Next on Netflix: Submerged in reality
High school sucked for a lot of us, but in the film “Submarine,” our protagonist has it worse than most. Oliver is unpopular. His parents are drifting apart and the fact that his mother’s sleazy ex-boyfriend has moved in next door isn’t helping. He’s positive that his mom’s old flame (a new-age mystic and self-help guru) is trying to get back together with her. And the object of his affections—the sneering, sharp-tongued Jordana—seems to have only contempt for him.
In an effort to make her old boyfriend jealous, Jordana takes pictures of herself kissing Oliver, and eventually a romance blossoms between them. Though he wants to be as romantic and caring as possible, Oliver has a hard time getting to know Jordana’s personality and sometimes pushes her away.
When her mother must undergo surgery, Oliver can’t deal with the situation anymore and abandons his girlfriend instead of being there for her. Now Oliver has to try and earn her forgiveness and undo the damage caused by his carelessness, all while dealing with the growing awkwardness between his parents and the creepy mystic.
“Submarine” is definitely a dark comedy. It’s deals with serious issues like infidelity, cancer, the loss of virginity and depression. It’s a coming-of-age story that doesn’t shoehorn in an unrealistic ending where the hero suddenly becomes popular or wins back the girl with some grand, impossible gesture.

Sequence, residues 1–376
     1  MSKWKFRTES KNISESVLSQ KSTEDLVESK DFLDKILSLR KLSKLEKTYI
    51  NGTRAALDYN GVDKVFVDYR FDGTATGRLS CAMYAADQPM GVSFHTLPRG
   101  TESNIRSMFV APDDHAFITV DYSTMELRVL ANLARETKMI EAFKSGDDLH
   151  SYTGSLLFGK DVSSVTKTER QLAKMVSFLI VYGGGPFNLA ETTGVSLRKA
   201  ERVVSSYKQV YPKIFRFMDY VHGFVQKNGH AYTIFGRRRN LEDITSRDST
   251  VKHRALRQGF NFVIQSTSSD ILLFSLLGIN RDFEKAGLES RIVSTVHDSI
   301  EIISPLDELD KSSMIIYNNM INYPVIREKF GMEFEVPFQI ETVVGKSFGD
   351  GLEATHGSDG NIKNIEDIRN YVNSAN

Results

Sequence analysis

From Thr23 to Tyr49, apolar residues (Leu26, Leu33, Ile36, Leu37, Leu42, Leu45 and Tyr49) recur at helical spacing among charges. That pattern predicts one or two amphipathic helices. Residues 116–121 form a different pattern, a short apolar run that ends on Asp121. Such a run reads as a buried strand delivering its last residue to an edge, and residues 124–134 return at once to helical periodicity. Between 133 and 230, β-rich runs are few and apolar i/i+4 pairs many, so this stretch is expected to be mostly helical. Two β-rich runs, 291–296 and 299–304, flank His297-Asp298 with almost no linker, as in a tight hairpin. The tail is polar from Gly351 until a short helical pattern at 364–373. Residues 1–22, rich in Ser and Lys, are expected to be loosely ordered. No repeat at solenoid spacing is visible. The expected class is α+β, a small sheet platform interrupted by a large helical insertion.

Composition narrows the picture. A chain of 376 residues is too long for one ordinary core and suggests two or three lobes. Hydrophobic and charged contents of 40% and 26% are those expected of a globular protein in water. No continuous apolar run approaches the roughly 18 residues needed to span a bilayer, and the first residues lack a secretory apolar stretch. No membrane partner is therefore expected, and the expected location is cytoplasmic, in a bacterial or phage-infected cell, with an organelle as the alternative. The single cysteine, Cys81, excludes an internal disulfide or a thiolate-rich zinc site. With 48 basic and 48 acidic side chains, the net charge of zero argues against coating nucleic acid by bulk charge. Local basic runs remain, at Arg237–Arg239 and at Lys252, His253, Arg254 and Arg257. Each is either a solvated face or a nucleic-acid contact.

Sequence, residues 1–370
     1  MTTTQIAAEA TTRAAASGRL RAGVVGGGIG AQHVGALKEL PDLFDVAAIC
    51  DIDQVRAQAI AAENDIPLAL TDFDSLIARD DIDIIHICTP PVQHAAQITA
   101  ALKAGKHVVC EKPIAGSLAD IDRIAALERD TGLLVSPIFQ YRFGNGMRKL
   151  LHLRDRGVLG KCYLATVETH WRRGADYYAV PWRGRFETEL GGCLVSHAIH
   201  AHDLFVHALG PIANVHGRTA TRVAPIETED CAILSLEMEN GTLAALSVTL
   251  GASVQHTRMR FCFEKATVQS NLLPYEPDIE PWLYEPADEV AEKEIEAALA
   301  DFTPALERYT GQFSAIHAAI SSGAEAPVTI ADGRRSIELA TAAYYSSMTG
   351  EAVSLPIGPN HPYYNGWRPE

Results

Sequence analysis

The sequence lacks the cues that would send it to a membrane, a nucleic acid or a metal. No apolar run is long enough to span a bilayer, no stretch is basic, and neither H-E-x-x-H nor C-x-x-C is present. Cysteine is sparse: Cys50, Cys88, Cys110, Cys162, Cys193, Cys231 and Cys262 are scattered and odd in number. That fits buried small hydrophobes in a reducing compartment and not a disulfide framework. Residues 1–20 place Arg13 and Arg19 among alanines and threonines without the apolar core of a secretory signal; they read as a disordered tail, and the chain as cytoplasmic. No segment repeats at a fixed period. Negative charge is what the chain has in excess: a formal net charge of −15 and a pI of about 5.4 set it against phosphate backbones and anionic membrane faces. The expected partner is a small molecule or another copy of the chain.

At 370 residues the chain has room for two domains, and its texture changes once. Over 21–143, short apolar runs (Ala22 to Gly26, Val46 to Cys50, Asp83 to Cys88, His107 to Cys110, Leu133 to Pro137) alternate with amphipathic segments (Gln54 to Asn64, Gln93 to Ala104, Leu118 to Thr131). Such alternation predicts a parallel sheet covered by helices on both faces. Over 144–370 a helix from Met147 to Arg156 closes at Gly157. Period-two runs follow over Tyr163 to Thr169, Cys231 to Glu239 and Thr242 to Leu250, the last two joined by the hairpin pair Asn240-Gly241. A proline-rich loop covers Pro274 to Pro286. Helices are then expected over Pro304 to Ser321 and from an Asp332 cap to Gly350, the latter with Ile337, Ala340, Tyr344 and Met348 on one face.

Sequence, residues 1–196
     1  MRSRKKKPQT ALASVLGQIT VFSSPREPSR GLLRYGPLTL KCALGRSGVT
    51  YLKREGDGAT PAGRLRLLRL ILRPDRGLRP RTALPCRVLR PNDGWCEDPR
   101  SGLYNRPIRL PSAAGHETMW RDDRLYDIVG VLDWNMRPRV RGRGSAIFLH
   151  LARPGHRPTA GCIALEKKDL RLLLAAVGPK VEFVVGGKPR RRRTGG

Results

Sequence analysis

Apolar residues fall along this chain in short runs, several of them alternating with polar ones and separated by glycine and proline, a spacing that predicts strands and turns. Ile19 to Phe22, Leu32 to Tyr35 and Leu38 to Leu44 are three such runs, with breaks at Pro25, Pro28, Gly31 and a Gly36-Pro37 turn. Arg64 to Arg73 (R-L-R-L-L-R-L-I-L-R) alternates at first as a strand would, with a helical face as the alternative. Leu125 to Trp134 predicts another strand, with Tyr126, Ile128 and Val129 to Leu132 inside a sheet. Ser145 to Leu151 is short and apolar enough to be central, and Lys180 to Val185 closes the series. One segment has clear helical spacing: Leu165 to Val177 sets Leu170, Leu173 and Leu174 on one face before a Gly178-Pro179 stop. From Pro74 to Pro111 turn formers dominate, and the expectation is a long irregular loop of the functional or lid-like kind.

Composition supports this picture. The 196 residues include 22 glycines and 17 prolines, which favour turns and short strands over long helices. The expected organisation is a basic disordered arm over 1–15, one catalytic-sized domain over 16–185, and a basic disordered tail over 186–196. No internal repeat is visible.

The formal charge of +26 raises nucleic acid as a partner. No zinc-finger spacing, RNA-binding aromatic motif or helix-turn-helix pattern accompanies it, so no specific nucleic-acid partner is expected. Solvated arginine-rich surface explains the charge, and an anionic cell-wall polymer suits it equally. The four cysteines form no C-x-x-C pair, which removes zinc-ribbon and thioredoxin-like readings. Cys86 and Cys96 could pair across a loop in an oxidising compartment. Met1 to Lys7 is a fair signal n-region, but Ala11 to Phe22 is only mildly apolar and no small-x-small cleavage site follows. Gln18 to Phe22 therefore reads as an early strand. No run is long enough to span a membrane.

Nobody stands outside a bedroom window with a boombox in real life, and nor do they do so in “Submarine.” It captures the real disappointment of being a teenager whose life is in emotional turmoil. The ending is ambiguous, with a lot of potential for Oliver to grow, much more like real life than most teenage-love movies.
That being said, there’s definitely consistent, wry and awkward humor. From the goofy self-absorbed nature of the mystic to Oliver’s deadpan narration, there’s a lot to find amusing. It’s more of a ‘smile-and-chuckle’ story than a ‘laugh-out-loud’ one.
Alex Turner of The Arctic Monkeys did the movie’s soundtrack, which is one of my favorite things about it.
I’d heard the song “Stuck on the Puzzle” a long time before I actually watched “Submarine,” and I instantly fell in love with it. It’s the opening song of the movie, and the others don’t disappoint either (“Piledriver Waltz” is another favorite of mine).
Finally, be aware that the movie takes place in Wales, and some of the characters have incredibly thick Welsh accents. Subtitles sometimes help, especially when the characters speak quickly.